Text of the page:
Let me sum up what I've said so far. The microscopic world has a property called "wave計article duality." (So does the macroscopic world, but the effects of wave計article duality aren't noticeable for large objects.) What this means is that every particle, such as a photon, electron, proton, positron, and so on, has a wave associated with it. The amplitude (size) of this wave describes the probability of finding the particle in that region. In any observation of the particle, it will probably be found where the amplitude is large, and will probably not be found where the amplitude is small, but there's an uncertainty in the position of the particle.
The wave will generally not be spread throughout the entire universe, but will be confined to a small region in space. This "localized" wave is called a wave packet. A wave packet does not have one specific wavelength, but is made up of waves of a variety of wavelengths. And the momentum of a wave計article depends on its wavelength. So a wave計article that isn't spread out over the entire universe doesn't have a specific momentum; it has many momenta. In other words, there's an uncertainty in the momentum of the particle. (We're getting close, can you tell?)
Now suppose the wave is pretty much confined to a region in space with a width we'll call delta-x. (For you statheads out there, this is the standard deviation of the square of the wave function. The "wave function" is just the mathematical expression that describes the wave.) And suppose the momenta that make up the wave fall within a range given by delta-p (again, a standard deviation of the momentum distribution). These two numbers represent the uncertainty in the position of the particle and the uncertainty in the momentum of the particle.
Which brings us to the uncertainty principle. What Heisenberg discovered is that a wave packet confined to a very small region must be made up of a lot of different wavelengths, and therefore a lot of different momenta. In other words, if the uncertainty in the position of the particle is small, the uncertainty in the momentum is large. And similarly, a particle whose wave packet is made up of only a few wavelengths (and hence only a few momenta) will be spread out over a large region. That is, if the uncertainty in momentum is small, the uncertainty in position is large.
Mathematically, Heisenberg's result looks like this:
This means just what I said in the preceding paragraph. The smaller delta-x is, the larger delta-p has to be (and vice versa) so that the product is larger than h-bar/2. H-bar (the h with a slash through it) incidentally, is called Planck's constant. It first turned up in Planck's paper on blackbody radiation.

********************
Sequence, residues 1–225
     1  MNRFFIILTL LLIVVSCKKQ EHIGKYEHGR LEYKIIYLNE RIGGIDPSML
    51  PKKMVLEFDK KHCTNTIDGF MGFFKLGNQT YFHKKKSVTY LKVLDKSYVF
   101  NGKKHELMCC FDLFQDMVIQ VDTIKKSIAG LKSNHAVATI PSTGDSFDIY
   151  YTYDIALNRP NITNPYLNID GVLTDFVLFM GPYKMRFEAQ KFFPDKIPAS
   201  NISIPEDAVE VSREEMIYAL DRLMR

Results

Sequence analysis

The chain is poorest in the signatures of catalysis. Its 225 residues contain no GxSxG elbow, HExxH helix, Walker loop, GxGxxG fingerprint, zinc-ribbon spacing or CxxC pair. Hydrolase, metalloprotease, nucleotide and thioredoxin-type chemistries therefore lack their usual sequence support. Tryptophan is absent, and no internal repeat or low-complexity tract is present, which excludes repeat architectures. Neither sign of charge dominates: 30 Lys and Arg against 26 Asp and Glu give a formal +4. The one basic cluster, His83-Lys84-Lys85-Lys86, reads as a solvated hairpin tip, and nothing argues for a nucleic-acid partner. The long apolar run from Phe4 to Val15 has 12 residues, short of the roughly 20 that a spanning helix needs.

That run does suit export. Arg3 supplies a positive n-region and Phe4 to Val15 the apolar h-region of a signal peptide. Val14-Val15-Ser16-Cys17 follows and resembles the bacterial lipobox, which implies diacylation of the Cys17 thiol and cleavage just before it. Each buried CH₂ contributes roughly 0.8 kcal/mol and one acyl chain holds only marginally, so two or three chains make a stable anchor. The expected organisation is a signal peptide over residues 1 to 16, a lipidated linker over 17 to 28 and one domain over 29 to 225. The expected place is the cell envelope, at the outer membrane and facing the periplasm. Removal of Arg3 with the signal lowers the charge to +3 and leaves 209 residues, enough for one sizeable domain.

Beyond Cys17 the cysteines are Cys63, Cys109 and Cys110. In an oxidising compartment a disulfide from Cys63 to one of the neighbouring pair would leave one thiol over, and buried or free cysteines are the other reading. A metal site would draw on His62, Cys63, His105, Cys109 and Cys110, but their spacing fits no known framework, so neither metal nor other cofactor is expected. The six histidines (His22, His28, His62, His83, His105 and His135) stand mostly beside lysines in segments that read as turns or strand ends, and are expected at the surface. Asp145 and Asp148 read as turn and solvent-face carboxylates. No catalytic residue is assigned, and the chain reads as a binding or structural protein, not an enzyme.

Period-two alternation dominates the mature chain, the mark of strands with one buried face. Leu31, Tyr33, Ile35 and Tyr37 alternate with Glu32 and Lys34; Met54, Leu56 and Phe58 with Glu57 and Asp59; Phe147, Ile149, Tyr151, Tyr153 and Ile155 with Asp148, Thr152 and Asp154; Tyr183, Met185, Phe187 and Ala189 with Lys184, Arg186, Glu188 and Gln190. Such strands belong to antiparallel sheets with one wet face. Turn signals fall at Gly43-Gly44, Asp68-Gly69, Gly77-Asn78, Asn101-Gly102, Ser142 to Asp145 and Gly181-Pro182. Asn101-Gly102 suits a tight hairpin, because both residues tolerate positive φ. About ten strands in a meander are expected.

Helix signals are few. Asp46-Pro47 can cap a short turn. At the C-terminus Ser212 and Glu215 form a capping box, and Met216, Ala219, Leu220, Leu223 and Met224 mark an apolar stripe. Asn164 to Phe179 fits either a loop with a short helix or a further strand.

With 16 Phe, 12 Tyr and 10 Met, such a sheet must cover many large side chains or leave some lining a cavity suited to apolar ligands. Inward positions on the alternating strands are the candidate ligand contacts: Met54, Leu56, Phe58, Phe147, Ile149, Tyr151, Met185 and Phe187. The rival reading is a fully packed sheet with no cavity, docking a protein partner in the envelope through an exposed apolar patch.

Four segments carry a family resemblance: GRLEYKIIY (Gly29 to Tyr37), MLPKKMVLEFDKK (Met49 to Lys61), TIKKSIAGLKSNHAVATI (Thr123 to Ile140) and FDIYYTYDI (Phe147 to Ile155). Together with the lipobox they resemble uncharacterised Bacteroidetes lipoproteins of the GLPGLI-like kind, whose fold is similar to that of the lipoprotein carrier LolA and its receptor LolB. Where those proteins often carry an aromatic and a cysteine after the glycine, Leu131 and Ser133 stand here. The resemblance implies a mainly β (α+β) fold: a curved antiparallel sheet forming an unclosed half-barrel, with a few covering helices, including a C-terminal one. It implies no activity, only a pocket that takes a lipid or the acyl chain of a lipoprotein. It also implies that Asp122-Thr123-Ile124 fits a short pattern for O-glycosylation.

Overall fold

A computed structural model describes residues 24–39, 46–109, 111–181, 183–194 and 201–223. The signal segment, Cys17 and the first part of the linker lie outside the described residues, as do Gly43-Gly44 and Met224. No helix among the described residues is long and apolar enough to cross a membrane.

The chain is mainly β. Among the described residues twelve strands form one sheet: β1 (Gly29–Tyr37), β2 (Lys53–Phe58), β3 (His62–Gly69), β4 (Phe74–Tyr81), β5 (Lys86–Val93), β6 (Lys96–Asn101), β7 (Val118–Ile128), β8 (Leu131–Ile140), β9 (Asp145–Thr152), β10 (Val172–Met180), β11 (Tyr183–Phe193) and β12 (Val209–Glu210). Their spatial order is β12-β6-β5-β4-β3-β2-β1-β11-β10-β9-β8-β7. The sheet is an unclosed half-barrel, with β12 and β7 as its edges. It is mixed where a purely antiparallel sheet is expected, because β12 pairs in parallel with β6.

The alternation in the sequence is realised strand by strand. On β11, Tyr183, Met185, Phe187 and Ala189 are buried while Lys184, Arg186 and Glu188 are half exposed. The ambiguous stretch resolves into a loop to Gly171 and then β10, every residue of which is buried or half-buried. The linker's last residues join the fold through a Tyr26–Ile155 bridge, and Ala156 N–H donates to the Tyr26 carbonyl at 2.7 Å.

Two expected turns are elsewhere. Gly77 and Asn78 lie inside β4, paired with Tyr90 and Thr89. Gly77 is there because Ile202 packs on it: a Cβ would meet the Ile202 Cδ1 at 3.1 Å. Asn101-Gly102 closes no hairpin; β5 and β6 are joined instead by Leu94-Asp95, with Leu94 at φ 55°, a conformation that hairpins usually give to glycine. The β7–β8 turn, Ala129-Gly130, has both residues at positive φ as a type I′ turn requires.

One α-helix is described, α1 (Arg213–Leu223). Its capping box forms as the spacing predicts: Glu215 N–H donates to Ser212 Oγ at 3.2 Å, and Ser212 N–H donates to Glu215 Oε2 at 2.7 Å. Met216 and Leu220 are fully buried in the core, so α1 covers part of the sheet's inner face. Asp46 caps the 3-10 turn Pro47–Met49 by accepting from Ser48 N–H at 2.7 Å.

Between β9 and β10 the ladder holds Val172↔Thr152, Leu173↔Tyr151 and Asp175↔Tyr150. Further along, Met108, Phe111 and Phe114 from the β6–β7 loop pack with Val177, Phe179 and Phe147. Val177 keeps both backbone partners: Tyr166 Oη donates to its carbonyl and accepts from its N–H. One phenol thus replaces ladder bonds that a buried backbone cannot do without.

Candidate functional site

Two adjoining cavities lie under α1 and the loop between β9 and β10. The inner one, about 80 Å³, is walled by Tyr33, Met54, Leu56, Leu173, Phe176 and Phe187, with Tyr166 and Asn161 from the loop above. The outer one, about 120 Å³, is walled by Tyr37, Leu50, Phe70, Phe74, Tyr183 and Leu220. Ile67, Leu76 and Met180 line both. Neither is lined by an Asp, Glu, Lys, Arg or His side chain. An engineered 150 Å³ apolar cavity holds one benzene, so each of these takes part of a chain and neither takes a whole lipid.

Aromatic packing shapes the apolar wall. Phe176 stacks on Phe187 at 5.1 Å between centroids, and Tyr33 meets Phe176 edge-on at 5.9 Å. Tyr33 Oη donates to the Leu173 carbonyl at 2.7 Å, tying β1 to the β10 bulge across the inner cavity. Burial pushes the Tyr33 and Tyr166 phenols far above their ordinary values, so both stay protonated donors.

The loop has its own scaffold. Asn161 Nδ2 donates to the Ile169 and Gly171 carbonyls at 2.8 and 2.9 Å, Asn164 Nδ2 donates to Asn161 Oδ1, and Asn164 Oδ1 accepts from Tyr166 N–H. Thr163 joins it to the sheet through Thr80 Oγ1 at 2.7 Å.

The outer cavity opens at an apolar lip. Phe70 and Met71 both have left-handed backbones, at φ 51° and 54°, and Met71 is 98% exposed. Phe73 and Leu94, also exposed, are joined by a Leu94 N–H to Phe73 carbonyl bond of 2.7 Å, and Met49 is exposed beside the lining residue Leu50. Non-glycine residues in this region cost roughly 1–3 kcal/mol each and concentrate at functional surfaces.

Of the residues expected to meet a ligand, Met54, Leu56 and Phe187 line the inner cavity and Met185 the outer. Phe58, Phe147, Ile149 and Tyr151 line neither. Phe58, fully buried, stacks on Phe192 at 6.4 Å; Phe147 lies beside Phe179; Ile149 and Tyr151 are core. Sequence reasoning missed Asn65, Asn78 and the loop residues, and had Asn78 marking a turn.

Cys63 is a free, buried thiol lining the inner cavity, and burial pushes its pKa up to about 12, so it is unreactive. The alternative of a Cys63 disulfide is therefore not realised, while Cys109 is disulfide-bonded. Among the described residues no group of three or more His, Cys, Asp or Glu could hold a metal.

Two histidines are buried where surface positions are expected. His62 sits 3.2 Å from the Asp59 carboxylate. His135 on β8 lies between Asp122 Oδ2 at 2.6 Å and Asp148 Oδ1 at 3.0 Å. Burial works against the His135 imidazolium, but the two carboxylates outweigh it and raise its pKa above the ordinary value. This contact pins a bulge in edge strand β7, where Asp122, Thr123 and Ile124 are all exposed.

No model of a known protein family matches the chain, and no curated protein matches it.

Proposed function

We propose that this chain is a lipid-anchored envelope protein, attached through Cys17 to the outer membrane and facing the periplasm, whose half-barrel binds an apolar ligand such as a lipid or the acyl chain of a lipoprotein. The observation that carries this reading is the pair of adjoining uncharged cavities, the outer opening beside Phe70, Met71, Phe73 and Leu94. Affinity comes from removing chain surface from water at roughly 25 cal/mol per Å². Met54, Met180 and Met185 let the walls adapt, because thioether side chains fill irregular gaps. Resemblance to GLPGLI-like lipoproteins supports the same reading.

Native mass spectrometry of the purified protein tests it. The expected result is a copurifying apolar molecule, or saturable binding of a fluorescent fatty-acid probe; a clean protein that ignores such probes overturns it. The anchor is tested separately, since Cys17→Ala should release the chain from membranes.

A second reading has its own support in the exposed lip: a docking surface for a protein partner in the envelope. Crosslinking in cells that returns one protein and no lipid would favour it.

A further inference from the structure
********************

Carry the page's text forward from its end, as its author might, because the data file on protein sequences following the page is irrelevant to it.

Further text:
Now the uncertainty principle is not something we notice in everyday life. For example, we can weigh an automobile (to find its mass), and all automobiles have speedometers, so we can calculate the momentum. But doing so will not make the position of the car suddenly become hazy (especially if we're inside it). So measuring the momentum of the car seems to produce no uncertainty in the car's position.
The reason we don't notice the uncertainty principle in everyday life is because of the size of Planck's constant. It's very small:
If you don't know what a Joule新econd is, don't worry about it. The point is that Planck's constant is a very small number! So let's take an example. The mass of a baseball is about .145 kg. Let's suppose a radar gun can measure its speed to within .1 mph. (I'm told by one reader that it's actually more like .25 mph, but I've already worked it out for .1. Either way the result is about the same.) This .1 mph (which is about .045 meters/second) is the uncertainty in the velocity of the ball. Since momentum is mass times velocity, this means the uncertainty in the the momentum of the ball is .145 x .045 = .0065 kg搶/s.
Then the Heisenberg uncertainty principle tells us that the uncertainty in position has to be at least as large as:
which comes out to 8 x 10-30 (that is, .000000000000000000000000000008) millimeters. Well, you can't measure that, especially for a moving baseball, so you never notice the uncertainty in position. You get a similar result when you apply the uncertainty principle to any object large enough to see. The uncertainty is just too small to be noticed. While the uncertainty principle applies to anything, it's only noticeable for very microscopic particles. In the physics of subatomic particles, it's an often crucial fact that we can't know both the position and the momentum of a particle. That's the Heisenberg uncertainty principle.